Grave Transfer Statutory Declaration
If the grave owner has passed away and left a will you need to provide the original copy of the grant of probate.
If the grave owner did not leave a will you need to provide the original copy of the grant of letters of administration.
If several generations have passed since the grave owner died, to confirm your entitlement to ownership of the grave, it will be necessary to see all documentation beginning with the original grant of probate/letters of administration.
If the grave owner has passed away and a grant of probate or letters of administration were not needed a statutory declaration is required
A statutory declaration is a legal document and should be drawn up by a solicitor of your choice. (this can be drawn up by yourself) It must include the following information:
- the deceased's full name
- their date of death
- the location of the grave including the cemetery, religion, section and plot number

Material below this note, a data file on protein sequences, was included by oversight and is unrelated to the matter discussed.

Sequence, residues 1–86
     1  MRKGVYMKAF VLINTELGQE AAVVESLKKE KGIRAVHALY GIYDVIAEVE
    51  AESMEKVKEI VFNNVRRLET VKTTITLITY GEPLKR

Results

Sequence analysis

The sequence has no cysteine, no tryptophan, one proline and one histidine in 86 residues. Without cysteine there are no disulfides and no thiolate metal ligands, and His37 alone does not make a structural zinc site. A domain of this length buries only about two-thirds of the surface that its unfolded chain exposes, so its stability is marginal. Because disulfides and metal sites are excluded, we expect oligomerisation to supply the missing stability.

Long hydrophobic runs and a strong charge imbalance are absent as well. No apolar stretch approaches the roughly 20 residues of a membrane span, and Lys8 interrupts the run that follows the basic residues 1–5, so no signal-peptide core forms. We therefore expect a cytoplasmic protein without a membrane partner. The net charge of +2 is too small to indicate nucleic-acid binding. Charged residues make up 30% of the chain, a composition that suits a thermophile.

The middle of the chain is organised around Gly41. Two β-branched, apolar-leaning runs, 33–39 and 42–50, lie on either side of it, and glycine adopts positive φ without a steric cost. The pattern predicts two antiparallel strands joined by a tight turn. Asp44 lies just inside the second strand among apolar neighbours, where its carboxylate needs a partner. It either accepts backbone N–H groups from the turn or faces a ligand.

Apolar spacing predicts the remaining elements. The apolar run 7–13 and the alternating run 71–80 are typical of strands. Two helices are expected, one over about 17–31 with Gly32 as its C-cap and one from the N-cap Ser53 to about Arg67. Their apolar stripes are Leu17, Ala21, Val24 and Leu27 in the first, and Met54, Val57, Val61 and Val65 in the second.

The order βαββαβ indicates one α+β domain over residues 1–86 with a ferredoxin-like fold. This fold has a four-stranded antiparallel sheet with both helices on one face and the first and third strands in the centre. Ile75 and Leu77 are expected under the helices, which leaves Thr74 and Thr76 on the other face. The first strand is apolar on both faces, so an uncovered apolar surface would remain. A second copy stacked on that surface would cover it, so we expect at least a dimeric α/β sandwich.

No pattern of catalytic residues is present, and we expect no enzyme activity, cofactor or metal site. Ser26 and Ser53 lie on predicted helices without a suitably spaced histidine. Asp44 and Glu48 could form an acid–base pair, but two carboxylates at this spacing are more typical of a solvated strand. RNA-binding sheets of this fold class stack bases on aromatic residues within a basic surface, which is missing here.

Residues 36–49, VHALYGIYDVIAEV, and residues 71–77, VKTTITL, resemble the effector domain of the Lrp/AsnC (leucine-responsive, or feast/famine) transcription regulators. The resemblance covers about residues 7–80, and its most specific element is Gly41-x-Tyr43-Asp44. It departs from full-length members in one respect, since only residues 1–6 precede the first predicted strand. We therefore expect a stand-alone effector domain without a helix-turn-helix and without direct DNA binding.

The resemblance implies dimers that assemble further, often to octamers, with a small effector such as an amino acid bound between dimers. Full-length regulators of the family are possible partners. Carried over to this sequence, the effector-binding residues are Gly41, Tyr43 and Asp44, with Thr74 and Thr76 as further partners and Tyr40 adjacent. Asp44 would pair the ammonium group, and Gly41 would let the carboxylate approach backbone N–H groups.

- your full name, address and date of birth
- your relationship to the deceased
- an undertaking from you that you will indemnify Chorley Council against all actions, proceedings, demands, costs or expenses of any nature (including the exhumation of any burial) should it be subsequently proven that your claim to ownership of the grave is unfounded and that you have no title to exercise ownership of the grave
- if there are other possible applicants, for example any siblings, the partner of the deceased and/or any other person with an interest in the plot, who do not wish to be included as the grave owner you should also include written statements from them consenting to the transfer of the ownership rights to you
- if you are applying for joint ownership of a plot, details of all applicants (including their date of birth) should be included in the statutory declaration .
The statutory declaration should be signed by all the applicants in the presence of an authorised court official, a commissioner for oaths, a magistrate or solicitor.
The requirement for a statutory declaration exists to ensure that burial rights are transferred only to the rightful owner(s) and serves to protect both the owners of those rights and the Council.